— The Prehistoric World - Vanished Races • E. A. Allen

... in mind this distinction, this opposition between poetry and myth, for ignoring it has led to not a little misconception as to the occurrence of myth in Scripture, especially in connection with the names associated with the crocodile. Thus it has been broadly asserted that "the original mythical signification of the monsters tehom, ...
— The Astronomy of the Bible - An Elementary Commentary on the Astronomical References - of Holy Scripture • E. Walter Maunder

... no audacious fabrication on the occasion—there is no mystery in the case! (No. 24. p. 386.) So, to stop the current of misconception, and economise space on future occasions, I venture to repeat a few words in suggesting as a canon of criticism:—Before we censure an author or editor we should ...
— Notes & Queries, No. 25. Saturday, April 20, 1850 • Various

... however flattering to my vanity, have no power to touch my heart. Mr. Minge, I have twice declined the offer you have done me the honor to make; and while proud of your preference, my Saxon is not so ambiguous or redundant as to leave any margin for misconception of my meaning." ...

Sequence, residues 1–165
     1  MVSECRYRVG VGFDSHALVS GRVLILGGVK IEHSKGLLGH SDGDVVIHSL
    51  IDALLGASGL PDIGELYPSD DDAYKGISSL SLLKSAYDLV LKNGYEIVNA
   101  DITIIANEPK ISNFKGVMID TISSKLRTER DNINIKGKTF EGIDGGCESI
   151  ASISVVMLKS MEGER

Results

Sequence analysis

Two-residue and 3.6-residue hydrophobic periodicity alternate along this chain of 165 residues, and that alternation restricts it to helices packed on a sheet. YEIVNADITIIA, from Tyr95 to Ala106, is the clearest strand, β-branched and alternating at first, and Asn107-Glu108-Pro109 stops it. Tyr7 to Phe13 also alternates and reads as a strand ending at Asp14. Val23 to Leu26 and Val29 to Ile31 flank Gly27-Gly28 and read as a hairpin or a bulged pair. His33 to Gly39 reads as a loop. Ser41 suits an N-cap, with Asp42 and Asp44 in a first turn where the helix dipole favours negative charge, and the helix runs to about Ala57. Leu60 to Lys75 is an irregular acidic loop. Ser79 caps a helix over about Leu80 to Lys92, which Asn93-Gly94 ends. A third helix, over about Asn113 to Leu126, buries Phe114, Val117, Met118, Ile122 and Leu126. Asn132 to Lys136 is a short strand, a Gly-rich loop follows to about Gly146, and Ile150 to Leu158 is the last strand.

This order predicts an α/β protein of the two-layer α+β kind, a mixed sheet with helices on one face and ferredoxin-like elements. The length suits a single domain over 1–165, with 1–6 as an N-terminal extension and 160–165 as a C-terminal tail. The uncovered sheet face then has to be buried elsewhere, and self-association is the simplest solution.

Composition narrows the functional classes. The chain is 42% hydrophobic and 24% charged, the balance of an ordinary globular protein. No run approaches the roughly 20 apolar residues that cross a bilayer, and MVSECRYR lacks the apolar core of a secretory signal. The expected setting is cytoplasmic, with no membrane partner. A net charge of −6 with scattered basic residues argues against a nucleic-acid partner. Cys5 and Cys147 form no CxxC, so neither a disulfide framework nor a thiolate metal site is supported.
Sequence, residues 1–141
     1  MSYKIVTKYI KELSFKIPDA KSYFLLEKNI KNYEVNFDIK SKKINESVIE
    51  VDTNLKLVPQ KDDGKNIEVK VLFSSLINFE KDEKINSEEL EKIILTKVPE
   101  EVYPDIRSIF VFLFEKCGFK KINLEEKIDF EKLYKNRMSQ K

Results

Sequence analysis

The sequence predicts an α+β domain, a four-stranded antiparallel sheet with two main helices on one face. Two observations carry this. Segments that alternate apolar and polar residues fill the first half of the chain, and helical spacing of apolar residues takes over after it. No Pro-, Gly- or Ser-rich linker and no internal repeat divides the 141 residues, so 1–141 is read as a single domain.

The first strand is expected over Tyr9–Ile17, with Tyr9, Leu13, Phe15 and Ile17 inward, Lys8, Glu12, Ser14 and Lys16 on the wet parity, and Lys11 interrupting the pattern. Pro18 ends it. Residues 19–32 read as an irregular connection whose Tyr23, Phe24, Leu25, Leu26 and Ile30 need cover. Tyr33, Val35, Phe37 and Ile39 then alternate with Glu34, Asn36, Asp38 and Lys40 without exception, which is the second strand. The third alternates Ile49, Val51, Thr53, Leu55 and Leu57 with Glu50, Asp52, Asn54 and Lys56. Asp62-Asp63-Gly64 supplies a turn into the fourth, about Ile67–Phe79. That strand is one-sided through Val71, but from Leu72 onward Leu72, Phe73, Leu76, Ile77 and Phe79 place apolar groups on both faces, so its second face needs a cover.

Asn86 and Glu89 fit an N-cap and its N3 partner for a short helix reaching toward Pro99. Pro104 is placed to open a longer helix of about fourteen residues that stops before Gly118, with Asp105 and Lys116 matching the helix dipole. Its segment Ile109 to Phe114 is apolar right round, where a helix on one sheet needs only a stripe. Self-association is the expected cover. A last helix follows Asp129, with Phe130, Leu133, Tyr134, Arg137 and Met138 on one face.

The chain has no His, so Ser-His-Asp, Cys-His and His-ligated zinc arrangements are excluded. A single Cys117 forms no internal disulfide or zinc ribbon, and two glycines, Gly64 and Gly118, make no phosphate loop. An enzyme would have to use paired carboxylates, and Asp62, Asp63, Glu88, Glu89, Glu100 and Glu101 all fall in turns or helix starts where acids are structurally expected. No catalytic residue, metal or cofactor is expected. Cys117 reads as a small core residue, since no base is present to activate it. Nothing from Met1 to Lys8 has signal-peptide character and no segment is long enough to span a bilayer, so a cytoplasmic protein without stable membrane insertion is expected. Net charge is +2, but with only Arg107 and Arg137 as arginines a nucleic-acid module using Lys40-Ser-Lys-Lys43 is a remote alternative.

— Vashti - or, Until Death Us Do Part • Augusta J. Evans Wilson

... how incapable, inexperienced, and unripe the foreign contingent of his orchestra was. The energy with which he threw himself into the task of trying to repair his blunders won the sympathy of the members of the critical guild, though it did not wholly atone for his conscious or unconscious misconception of American conditions. It was not pleasant to think that he had so poor an opinion of American knowledge and taste in music that before coming he thought that anything would be good enough for this ...
— Chapters of Opera • Henry Edward Krehbiel